Oakland’s St. Columba: A Radical Parish Flourishing Through Liberation Theology

Michael Orion Powell

Oakland is a beautiful city. In my honest opinion, it is one of America’s most beautiful and unique cities for many reasons – it and its urban and suburban surrounding areas encapsulate America in a nutshell. Philip K. Dick (himself a Berkeleyan who predicted many of our current social dynamics with his seminal work Man in the High Castle) said himself that the Bay Area was a sort of laboratory for what happens in the broader country.

This is not to say that the East Bay is without its problems. Like all major American cities, poverty is rampant and racial tensions are on full display throughout. You can often see these racial tensions materialize on random BART rides, where white and black riders sometimes trade bitter words with one another. When you get off these tense rides and walk through the city, however, that’s when its beauty starts to show.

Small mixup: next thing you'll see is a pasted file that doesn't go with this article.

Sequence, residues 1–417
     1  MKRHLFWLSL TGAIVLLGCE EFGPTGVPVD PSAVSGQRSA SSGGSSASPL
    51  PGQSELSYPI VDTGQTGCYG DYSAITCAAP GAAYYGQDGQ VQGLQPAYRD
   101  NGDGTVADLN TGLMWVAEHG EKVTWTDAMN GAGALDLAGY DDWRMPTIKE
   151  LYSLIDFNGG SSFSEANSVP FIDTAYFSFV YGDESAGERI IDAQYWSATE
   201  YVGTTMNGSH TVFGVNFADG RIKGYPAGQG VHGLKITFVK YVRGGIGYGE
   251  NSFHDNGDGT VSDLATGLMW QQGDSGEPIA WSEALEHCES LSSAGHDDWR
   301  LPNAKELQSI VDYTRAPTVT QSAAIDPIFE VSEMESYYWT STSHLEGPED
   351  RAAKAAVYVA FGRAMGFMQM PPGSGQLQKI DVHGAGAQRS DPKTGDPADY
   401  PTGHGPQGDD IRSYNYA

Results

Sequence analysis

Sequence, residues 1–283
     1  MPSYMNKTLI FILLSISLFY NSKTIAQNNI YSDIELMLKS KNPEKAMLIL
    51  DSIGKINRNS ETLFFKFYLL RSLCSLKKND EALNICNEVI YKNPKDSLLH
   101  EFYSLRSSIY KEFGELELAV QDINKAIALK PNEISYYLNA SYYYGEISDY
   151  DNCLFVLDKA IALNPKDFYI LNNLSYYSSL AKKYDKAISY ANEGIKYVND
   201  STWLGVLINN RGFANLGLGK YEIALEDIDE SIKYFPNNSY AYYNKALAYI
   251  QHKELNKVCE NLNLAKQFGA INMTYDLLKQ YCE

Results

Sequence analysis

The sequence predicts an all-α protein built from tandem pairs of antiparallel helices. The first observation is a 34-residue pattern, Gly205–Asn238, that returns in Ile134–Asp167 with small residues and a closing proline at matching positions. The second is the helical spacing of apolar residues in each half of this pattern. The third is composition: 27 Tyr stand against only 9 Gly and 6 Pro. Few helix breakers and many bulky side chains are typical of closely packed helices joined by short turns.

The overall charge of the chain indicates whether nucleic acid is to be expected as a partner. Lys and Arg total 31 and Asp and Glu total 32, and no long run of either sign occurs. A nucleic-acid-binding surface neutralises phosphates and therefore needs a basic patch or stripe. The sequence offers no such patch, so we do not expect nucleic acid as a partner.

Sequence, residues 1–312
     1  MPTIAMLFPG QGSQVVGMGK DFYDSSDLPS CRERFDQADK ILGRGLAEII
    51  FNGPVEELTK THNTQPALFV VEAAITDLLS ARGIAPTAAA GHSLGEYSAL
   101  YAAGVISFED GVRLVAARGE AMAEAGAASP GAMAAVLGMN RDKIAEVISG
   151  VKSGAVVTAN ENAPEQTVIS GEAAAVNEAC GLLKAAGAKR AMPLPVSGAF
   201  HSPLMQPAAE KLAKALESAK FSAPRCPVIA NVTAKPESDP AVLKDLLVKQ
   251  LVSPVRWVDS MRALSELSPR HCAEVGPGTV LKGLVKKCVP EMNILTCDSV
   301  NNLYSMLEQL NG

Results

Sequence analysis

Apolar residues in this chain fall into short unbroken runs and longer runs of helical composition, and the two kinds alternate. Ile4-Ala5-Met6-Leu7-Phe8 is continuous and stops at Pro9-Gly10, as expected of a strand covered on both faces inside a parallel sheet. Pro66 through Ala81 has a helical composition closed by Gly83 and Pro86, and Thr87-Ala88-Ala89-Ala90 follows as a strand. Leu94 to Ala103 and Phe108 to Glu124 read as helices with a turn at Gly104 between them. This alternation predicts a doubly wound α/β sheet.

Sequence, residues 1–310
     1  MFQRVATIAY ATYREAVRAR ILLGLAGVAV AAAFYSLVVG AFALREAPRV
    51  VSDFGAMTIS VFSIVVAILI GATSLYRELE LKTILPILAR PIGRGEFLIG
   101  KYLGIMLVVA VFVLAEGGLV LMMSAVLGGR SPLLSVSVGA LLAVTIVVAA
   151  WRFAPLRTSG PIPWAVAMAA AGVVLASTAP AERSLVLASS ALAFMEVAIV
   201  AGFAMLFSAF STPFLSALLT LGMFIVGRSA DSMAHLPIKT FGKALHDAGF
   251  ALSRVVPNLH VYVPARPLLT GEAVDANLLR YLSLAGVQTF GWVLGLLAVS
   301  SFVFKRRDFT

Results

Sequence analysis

Oakland’s Catholic church St. Columba is one of those beauties. I’m not rightly sure that the church would exist in any other environment. The African-American religious experience has been plentiful through American history, including southern Baptist, various Protestant denominations, and the Nation of Islam. St. Columba is a Catholic church very much seeking to serve the black community, while also overtly adopting ideas from Latin America’s liberation theology.

The interior of the church is filled with portraits of the likes of Oscar Romero, Dorothy Day, Cesar Chavez, and Pope John XXIII. During his sermon, Father Kwame Assenyoh will often point to the portraits and proclaim, “these people fought for liberation and peace,” mentioning the word “liberation” over again in describing the gospel.

St. Columba is such a visual experience as a church that I felt like only pictures could really tell its story accurately. Following are some of my favorites of the pictures I took during a recent Sunday service:


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